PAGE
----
Me either.  I thought that gramps was cooking meth (or coke?) and the place exploded, and that the preexisting problem with the baby was meth contamination or something (I seem to remember a plot on another medical show--Grey's Anatomy, maybe?--where an apartment house exploded and it turned out to be drug cooking, but I also seem to remember that the person doing it wasn't who they first thought--if i'm remembering correctly).  I never figured on the kidnapping twist--I just thought that the guy was her dad and felt guilty about drugs, or something.

 

What was the story with the alcoholic's daughter?  She died there in the ER on her wedding day?  (My cable connection decided to do the pixelating thing just as she was explaining and I missed those few seconds.)

Edited by BooksRule

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My favorite actor on Hart of Dixie is now a new doc on this show? Just keeps getting better for me. Great episode. Good cases, and I like that there is minimal relationship drama but I can't help shipping Christa and Neal. They have great chemistry and I want to see Raza shirtless already!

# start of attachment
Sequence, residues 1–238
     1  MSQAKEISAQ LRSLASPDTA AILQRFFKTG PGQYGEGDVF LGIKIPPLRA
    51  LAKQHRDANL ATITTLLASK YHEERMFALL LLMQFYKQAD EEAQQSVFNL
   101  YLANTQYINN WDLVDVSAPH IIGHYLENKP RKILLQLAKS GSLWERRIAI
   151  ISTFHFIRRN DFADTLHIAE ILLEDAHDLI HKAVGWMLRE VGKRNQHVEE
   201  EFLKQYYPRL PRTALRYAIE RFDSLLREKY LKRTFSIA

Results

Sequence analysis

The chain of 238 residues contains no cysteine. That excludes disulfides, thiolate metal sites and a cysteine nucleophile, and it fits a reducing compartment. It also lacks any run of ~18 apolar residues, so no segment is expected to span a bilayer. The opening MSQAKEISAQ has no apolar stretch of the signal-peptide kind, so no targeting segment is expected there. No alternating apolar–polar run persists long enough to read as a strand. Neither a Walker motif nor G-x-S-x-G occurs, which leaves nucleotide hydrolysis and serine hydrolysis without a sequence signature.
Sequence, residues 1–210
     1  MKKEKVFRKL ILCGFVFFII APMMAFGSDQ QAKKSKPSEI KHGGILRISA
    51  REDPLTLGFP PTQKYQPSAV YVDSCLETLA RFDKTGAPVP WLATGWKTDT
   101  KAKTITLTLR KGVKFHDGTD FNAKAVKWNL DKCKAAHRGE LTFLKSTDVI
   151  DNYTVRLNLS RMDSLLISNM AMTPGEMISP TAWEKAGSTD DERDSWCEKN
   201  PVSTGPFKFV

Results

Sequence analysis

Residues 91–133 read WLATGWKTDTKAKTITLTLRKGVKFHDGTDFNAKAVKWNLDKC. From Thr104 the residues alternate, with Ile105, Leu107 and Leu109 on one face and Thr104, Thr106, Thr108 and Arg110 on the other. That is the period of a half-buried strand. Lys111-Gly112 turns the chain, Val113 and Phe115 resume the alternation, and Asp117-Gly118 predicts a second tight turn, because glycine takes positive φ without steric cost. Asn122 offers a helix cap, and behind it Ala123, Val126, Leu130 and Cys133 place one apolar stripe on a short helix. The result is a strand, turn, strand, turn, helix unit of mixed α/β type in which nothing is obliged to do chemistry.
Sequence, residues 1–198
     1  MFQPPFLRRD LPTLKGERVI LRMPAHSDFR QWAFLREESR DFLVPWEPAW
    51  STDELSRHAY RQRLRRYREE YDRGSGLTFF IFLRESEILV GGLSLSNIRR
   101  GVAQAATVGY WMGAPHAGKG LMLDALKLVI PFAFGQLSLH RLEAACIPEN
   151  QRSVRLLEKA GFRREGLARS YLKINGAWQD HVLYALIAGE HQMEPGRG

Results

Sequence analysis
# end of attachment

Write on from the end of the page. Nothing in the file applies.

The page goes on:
I kept screaming HCG secreting tumor at Malaya. I like how they didn't go the cliche route with the smart student getting pregnant. And that TCA overdose kid was a punk. If he told people what he ODed on he would have gotten treated and not had an arrhythmia. Sucks what the ED staff go through every day, dealing with guys like that. The ending made me cry again, and good twist with the kidnapping. The drunk grieving his dead daughter was sad as well.

Edited by twoods
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My favorite actor on Hart of Dixie is now a new doc on this show?

 

Wait, I didn't realize Cress Williams would be on here.

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They have special staff for that?